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I would like to hear about interesting projects which made use of Amazon's Mechanical Turk.

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11 Answers 11

I haven't done anything with it yet but I've been meaning to use it for music search by having an app that accepted recordings of people humming or singing a tune and then using the Turk to identify the tune.

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It was used to help search for James Gray when he went missing.

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But there are serious doubts if that was an effective use of resources. –  mdorseif Mar 2 '09 at 16:51

We've used it to approve images that apply to a business. Not terribly interesting, but found it pretty useful in this regard. The tasks were completed very quickly.

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There are two works by Aaron Koblin that spring to mind:

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hahaha, the sheep market has some freaking hilarious drawings! –  imjp Sep 4 '13 at 6:25

Halosys: We used Mechanical Turk for some of the customer projects we developed.

This is one of the things that we suggest to our customers when they are ready to launch but need data. Specially interesting were projects like filling in the content for a few caricatures and then showing that on the customer site.

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My favorite example of Mechanical Turk in action is one where workers had to extract data from figures and tables in scientific literature. There's a good description and vidoe of the experiment here:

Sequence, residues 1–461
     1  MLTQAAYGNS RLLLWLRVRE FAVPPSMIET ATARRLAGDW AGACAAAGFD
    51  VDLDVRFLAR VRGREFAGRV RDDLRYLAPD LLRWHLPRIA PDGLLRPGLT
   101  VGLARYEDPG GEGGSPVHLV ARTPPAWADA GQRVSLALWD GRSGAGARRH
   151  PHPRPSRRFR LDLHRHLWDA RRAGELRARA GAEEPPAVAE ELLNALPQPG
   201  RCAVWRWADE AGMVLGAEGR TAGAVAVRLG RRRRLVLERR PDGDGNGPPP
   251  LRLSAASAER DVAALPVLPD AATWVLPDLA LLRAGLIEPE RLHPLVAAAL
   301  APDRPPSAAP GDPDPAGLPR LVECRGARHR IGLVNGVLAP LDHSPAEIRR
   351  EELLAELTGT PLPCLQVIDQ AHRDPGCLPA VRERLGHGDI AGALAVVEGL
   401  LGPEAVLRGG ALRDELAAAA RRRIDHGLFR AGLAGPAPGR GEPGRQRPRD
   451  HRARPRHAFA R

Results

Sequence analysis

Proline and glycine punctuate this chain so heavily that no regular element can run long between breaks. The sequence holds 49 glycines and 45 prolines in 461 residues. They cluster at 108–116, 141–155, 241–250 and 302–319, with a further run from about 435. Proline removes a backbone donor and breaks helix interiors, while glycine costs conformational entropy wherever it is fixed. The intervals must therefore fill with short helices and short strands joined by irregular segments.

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With some colleagues I've been running a lot of behavioral experiments on Mturk exploring altruism and cooperation. Even though Mturk is the ultimate in anonymous and profit-minded settings, we still find high levels of people paying costs to help others.

For a writeup, check out this paper: http://papers.ssrn.com/sol3/papers.cfm?abstract_id=1591202

The Online Laboratory: Conducting Experiments in a Real Labor Market

John J. Horton, David G. Rand, Richard J. Zeckhauser

Harvard University

Online labor markets have great potential as platforms for conducting experiments, as they provide immediate access to a large and diverse subject pool and allow researchers to conduct randomized controlled trials. We argue that online experiments can be just as valid – both internally and externally – as laboratory and field experiments, while requiring far less money and time to design and to conduct. In this paper, we first describe the benefits of conducting experiments in online labor markets; we then use one such market to replicate three classic experiments and confirm their results. We confirm that subjects (1) reverse decisions in response to how a decision-problem is framed, (2) have pro-social preferences (value payoffs to others positively), and (3) respond to priming by altering their choices. We also conduct a labor supply field experiment in which we confirm that workers have upward sloping labor supply curves. In addition to reporting these results, we discuss the unique threats to validity in an online setting and propose methods for coping with these threats. We also discuss the external validity of results from online domains and explain why online results can have external validity equal to or even better than that of traditional methods, depending on the research question. We conclude with our views on the potential role that online experiments can play within the social sciences, and then recommend software development priorities and best practices.

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www.nearlyeveryone.com is built on top of Mechanical Turk

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While this link may answer the question, it is better to include the essential parts of the answer here and provide the link for reference. Link-only answers can become invalid if the linked page changes. –  fancyPants Aug 23 '12 at 11:42

I created a website usability testing service on top of it - EasyUsability.com, and an accent training and rating service that uses it - AccentTraining.net

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